A troubling story about Al Sharpton.

Politics and policy.
Sept. 8 2003 11:22 AM

The Worst of Al Sharpton

A troubling tale from his past. Is it true?

Al Sharpton

Slate continues its short features on the 2004 presidential candidates. Previous series covered the candidates' biographies, buzzwords, agendas, worldviews, and claims to fame. This series assesses the story that supposedly shows each candidate at his worst. Here's the one told by critics of Al Sharpton—and what they leave out.

Charge: In 1987, a 15-year-old black girl named Tawana Brawley went missing and was found four days later covered in dog feces and with racial slurs written on her body. She claimed that at least two and possibly six white men, one of them carrying a badge, had repeatedly raped her in the woods in upstate New York. Sharpton took up Brawley's cause and defended her refusal to cooperate with prosecutors, saying that asking her to meet with New York's attorney general (who had been asked by Gov. Mario Cuomo to supervise the investigation) would be like "asking someone who watched someone killed in the gas chamber to sit down with Mr. Hitler." According to the Associated Press, Sharpton and Brawley's lawyers asserted "on 33 separate occasions" that a local prosecutor named Steven Pagones "had kidnapped, abused and raped" Brawley. There was no evidence, and Pagones was soon cleared. Sharpton then accused a local police cult with ties to the Irish Republican Army of perpetrating the alleged assault. The case fizzled when a security guard for Brawley's lawyers testified that the lawyers and Sharpton knew Brawley was lying. A grand jury investigation concluded in late 1988 that Brawley "was not the victim of forcible sexual assault" and that the whole thing was a hoax. The report specifically exonerated Pagones, and in 1998 Pagones won a defamation lawsuit against Sharpton, Brawley, and Brawley's lawyers. Sharpton was ordered to pay Pagones $65,000. Johnnie Cochran and other Sharpton benefactors subsidized the payment.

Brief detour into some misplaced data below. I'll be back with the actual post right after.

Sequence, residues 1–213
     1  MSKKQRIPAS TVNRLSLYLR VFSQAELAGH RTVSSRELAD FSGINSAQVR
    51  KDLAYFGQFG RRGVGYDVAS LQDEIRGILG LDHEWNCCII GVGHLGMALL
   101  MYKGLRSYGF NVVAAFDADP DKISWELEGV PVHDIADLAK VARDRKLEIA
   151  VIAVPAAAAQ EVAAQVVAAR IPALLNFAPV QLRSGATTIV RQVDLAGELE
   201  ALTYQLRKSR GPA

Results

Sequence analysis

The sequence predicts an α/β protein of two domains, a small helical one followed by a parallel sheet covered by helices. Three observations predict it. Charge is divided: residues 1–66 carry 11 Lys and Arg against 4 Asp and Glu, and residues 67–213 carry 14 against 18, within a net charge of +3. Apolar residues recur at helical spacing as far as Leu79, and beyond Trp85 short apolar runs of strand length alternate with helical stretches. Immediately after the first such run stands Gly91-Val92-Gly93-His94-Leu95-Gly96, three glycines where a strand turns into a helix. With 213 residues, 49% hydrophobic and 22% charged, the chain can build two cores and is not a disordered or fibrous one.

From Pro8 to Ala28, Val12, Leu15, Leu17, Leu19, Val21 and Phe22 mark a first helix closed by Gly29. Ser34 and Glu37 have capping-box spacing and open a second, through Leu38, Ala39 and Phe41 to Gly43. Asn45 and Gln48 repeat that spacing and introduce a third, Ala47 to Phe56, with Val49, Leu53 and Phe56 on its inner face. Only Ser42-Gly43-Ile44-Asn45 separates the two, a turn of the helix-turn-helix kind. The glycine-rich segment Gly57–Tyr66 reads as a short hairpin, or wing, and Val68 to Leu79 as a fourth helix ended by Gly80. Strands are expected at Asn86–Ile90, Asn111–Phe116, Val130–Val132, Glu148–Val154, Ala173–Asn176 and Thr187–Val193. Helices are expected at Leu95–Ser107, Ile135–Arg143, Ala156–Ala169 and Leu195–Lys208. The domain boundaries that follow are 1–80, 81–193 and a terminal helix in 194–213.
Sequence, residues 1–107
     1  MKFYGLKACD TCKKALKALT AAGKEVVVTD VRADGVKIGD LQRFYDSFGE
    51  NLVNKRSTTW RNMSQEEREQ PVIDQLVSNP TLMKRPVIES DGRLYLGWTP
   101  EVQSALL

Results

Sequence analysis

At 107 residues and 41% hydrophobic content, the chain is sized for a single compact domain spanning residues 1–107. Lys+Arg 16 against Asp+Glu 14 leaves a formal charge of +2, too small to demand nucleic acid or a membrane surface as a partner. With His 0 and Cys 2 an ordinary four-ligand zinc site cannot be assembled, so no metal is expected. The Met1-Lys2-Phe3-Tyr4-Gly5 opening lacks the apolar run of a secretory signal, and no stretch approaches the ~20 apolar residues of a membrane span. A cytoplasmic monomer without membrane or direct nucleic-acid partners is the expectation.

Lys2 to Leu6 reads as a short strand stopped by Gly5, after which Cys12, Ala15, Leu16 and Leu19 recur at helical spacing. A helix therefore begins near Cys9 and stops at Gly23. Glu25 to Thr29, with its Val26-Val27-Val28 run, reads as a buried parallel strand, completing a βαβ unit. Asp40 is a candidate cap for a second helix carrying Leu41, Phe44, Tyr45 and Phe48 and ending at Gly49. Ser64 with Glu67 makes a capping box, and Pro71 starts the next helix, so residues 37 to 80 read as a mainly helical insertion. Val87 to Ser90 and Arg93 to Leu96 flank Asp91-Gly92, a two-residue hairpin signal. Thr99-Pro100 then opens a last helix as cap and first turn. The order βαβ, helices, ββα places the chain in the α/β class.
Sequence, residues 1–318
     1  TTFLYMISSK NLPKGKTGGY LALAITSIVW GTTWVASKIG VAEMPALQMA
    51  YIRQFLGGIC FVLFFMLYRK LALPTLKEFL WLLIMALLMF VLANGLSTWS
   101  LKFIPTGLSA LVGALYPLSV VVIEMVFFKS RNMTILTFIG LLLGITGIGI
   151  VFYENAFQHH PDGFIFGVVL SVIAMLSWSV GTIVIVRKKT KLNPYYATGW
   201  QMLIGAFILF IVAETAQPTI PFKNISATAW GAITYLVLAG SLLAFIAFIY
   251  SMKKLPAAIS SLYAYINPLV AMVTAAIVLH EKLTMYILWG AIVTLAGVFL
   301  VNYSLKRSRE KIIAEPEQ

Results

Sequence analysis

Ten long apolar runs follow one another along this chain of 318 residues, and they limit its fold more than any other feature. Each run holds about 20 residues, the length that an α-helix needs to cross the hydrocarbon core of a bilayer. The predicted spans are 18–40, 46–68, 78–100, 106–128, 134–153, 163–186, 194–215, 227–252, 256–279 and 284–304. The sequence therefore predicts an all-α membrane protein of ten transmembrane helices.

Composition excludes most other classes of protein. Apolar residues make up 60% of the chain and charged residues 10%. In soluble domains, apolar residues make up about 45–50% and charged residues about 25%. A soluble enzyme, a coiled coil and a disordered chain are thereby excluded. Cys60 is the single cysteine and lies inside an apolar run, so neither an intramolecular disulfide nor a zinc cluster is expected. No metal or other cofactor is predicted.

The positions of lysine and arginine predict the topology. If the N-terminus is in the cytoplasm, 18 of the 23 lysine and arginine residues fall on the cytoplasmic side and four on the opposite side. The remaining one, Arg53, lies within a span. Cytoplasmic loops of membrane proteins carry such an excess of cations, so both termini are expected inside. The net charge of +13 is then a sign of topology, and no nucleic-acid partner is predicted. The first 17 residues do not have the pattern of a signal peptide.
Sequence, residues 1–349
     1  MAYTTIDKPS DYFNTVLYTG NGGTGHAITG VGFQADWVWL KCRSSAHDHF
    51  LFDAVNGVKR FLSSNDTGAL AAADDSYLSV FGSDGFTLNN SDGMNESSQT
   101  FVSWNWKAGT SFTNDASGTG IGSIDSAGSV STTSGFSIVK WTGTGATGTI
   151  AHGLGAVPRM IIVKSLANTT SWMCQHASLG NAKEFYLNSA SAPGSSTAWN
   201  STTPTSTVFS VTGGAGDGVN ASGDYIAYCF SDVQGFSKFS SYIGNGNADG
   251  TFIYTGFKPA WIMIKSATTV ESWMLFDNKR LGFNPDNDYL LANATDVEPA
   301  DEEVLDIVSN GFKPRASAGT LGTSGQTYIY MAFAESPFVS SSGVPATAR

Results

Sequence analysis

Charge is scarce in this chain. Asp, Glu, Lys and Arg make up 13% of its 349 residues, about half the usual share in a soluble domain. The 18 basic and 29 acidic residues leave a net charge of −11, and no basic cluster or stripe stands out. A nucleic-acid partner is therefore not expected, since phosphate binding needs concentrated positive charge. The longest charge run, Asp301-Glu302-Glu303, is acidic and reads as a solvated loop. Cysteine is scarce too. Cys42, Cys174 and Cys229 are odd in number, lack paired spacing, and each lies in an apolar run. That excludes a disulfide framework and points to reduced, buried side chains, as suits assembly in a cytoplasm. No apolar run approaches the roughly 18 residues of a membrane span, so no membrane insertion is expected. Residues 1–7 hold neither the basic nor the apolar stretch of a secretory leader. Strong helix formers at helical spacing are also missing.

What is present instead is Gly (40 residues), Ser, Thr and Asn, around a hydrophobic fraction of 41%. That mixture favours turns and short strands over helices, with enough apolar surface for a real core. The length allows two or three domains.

Defense: Sharpton stands by Brawley's story. In May 2002, when the Associated Press asked whether he would apologize to Pagones, Sharpton replied: "Apologize for what? For believing a young lady?" Referring to his incipient presidential campaign, Sharpton continued, "When people around the country know that I stood up for a young lady ... I think it will help me." In March 2003, when the Washington Post asked whether Sharpton could have expressed sympathy for Pagones after the prosecutor was cleared, Sharpton replied that Brawley "identified Pagones. I was her spokesperson. I cannot turn around in what I said I believed." As to the jury verdict against him, Sharpton told the New York Daily News in July 2003 that "a jury said in the Central Park jogging case … that I was wrong, and it was just overturned 13 years later. Juries can be wrong. I've stood by what I believe. Juries are proven wrong every day."

Will Saletan writes about politics, science, technology, and other stuff for Slate. He’s the author of Bearing Right.

Ben Jacobs is a Slate intern.

Avi Zenilman is a former Slate intern.

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